Speaking of downtown, yesterday "Hanging" Chad Wolf and his federal Homeland Security heavies published this downright inflammatory and combative press release saying, in effect, Hey, up yours, Oregon and Portland, we're still here, and if you want a piece of us, bring it on. It's clear that the federal shock troops are still with us in sizable numbers, and they're not exactly here to keep the peace. Quite the opposite – they're cruising for bruising.
Myth: State and local police are replacing federal officers as DHS forces are standing down and withdrawing.
FACTS: There has been no reduction in federal presence; federal law enforcement officers remain in Portland at augmented levels. Reports and implications to the contrary are irresponsible and dishonest. DHS officers are working with a robust contingent of Oregon State Police (OSP) officers to secure the courthouse. OSP has been policing the property outside the fencing surrounding federal properties and has partnered with federal officers behind the fencing.
As Acting Secretary Wolf said upon announcing the partnership in operations, the increased federal presence in Portland will remain until the Department is certain that federal property is safe and a change in posture will not hinder DHS’s Congressionally mandated duty to protect it. While the violence in Portland is much improved, the situation remains dynamic and volatile, with acts of violence still ongoing, and no determination of timetables for reduction of protective forces has yet been made.... 
Myth: Portland’s downward trend in violence is a result of OSP being more effective than DHS.
FACTS: Portland’s current downward trend in riot activity is a direct result of long-awaited coordination between federal, state and local law enforcement agencies that DHS demanded to see on the ground for weeks. Every major American city regularly coordinates with DHS law enforcement to maintain law and order—particularly around federal properties entrusted to DHS for protection. For nearly two months, DHS demanded cooperation with state and local law enforcement in Portland. It wasn’t until DHS officers suffered more than 240 injuries that Oregon’s Governor finally agreed to do her job.
For those several long weeks as state and local officials put politics ahead of public safety, rioters knew that they could attack federal property and the officers defending it and then flee from the federal area of operations without any consequences from state or local law enforcement. Now that state and local leaders have finally agreed to step up and do their job, would-be rioters face the kind of coordinated enforcement response they should have been in place all along.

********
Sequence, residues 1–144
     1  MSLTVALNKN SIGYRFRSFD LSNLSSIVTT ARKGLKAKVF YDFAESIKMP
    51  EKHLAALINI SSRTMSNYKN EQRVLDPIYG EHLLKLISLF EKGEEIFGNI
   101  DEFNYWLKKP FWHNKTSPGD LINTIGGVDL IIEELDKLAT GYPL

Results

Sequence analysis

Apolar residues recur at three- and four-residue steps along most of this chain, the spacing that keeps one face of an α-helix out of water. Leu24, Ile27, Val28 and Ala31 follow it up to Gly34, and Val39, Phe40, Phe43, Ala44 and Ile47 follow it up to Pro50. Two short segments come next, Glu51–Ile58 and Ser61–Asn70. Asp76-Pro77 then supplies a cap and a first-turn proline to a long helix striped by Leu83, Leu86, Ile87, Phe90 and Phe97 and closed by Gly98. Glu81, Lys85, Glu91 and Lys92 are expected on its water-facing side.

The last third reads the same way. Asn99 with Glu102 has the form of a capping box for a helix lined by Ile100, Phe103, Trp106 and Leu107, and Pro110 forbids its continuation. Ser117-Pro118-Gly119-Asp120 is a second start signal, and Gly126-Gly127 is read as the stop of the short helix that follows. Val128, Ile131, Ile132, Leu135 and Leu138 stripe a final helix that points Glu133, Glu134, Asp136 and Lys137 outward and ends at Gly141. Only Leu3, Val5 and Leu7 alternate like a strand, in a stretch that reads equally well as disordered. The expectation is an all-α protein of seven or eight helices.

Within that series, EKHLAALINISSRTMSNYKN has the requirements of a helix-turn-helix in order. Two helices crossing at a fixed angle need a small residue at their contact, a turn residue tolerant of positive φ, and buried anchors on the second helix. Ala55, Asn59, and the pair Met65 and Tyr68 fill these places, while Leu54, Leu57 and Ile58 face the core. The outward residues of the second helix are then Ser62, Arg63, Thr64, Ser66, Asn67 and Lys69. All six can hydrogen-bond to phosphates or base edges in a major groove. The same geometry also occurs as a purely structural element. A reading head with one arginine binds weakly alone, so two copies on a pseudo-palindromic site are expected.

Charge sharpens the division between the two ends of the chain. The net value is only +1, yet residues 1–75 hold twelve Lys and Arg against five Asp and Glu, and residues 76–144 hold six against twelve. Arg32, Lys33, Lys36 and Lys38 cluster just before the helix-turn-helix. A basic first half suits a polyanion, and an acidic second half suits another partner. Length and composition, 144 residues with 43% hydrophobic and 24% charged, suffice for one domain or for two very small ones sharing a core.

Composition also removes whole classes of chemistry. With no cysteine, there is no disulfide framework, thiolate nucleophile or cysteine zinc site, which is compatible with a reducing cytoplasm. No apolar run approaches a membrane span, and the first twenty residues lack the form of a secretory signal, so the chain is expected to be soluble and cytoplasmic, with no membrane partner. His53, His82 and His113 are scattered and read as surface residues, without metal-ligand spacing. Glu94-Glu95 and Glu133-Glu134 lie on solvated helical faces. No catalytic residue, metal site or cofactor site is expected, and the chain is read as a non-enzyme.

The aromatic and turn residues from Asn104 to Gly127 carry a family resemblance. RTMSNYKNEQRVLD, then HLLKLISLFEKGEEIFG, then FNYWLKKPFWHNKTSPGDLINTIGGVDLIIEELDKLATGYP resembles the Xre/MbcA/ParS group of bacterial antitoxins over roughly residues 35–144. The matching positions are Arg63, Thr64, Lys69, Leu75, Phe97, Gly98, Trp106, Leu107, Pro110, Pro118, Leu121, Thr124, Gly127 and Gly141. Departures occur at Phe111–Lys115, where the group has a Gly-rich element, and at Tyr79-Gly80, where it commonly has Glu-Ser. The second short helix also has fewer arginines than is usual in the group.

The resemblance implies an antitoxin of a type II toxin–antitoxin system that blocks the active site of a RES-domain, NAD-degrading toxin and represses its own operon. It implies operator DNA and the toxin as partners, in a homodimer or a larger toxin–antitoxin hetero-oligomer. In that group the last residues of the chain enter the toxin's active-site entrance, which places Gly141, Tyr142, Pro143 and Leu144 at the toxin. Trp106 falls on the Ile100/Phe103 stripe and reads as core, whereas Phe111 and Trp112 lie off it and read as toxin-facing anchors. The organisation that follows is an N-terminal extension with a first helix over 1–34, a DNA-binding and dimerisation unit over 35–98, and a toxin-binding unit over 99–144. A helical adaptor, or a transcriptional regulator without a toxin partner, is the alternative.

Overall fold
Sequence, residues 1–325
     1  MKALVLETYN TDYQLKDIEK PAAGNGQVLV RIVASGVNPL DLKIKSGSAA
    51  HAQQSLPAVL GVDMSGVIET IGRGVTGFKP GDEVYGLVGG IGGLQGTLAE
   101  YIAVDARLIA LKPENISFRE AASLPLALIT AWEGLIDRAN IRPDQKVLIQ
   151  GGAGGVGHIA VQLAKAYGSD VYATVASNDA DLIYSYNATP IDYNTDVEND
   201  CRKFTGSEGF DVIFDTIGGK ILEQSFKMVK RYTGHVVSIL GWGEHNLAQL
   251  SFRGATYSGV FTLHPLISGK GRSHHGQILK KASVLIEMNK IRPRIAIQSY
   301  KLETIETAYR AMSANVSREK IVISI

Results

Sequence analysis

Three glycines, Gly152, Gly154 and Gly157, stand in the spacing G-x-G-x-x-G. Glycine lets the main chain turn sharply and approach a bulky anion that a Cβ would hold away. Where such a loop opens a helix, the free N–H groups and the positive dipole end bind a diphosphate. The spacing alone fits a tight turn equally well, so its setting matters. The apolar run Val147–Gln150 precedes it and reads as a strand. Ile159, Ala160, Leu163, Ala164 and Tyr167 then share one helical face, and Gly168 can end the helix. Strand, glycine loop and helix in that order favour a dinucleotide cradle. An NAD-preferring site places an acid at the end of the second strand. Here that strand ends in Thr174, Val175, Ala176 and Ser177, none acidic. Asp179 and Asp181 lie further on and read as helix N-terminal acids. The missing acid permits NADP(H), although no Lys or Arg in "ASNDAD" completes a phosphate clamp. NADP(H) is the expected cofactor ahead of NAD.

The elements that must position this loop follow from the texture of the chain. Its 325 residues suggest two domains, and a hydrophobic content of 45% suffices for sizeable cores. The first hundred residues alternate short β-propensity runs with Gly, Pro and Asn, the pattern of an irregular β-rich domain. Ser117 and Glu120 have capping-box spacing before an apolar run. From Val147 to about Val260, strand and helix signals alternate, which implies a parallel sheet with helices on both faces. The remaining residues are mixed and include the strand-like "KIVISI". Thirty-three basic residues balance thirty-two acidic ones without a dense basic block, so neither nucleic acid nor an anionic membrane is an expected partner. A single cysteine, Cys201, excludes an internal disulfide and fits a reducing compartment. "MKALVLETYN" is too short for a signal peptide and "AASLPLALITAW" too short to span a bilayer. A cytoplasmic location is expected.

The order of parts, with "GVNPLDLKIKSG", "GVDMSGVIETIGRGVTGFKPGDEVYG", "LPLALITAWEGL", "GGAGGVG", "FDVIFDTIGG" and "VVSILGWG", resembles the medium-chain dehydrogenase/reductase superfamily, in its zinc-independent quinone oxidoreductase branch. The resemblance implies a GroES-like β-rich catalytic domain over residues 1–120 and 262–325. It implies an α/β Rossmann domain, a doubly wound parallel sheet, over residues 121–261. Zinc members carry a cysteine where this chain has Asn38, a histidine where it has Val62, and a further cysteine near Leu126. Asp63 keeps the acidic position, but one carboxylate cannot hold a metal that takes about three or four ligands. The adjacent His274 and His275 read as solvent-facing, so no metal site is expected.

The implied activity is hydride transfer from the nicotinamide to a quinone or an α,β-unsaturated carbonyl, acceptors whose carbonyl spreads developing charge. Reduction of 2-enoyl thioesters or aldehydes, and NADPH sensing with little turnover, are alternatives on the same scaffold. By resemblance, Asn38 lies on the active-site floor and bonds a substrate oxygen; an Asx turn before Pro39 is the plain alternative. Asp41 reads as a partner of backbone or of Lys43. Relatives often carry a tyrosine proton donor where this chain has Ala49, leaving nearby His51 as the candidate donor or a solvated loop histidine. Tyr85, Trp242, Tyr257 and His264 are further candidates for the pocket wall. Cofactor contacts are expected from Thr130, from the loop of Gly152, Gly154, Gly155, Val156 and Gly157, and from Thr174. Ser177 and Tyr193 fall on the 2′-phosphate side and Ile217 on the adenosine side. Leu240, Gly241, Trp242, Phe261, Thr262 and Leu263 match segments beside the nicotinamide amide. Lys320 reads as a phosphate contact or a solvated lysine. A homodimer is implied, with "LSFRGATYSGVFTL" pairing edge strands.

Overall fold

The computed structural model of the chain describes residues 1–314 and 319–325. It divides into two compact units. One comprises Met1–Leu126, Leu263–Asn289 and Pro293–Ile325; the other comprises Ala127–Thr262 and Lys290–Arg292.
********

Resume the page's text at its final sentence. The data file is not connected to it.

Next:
I don't know what America did to deserve these people. Dear Lord, whatever it was, I'm so sorry.

Another story, which appeared yesterday in the Mercury, is worth a read. The police and federal troops have been throwing around expired lots of tear gas, which means that no one really knows exactly what substances have been inflicted on protesters and protest neighbors.

And a final dark note for this roundup: The members of the group "OHSU for BLM" say they have been informed by their employer, Oregon Health and Sciences University, that they are no longer to use "OHSU" in their name. The suits running the show on Pill Hill – wow, what a bunch.

Programming alert: I may need to take a break from daily protest coverage pretty soon. There are other things I would like to pay attention to, and write about. This blog is not intended to be dedicated exclusively to the Portland protests. Please be sure to check Twitter for the latest. Search for #PortlandProtest or #PDXProtest.


  1. Smart move, Jack. If I want to read about a dumpster fire, I just follow the elections.

  2. Well this is what you were in a sense supporting by bashing the Fed’s Don’t see any Fed’s around here and it is business as usual. I know that you old 60’s dudes are ‘down’ with the protest because the right is making hay out of it but it is Portlanders that are dealing with the mess and will have to pick up the tab. Not including loss of businesses that want no part of a lawless city.

    1. We are now back to where we were when the feds got here a month ago. I don't know when this will end – the Portland police have no plan – but whenever it is, it will be a month later than if the feds had stayed home. That's a lot of incremental damage.

      We don't need a federal police force.

      The lawless city thing is a valid point, but the problems downtown go way deeper than protest disruption and damage. The place has been an open-air mental health treatment center for years. Anyone trying to run a business in downtown Portland is crazy. That was true on May 1, before anyone ever heard of George Floyd.

  3. I totally understand about the programming alert, but I've found these daily write-ups to be riveting reading and will miss them!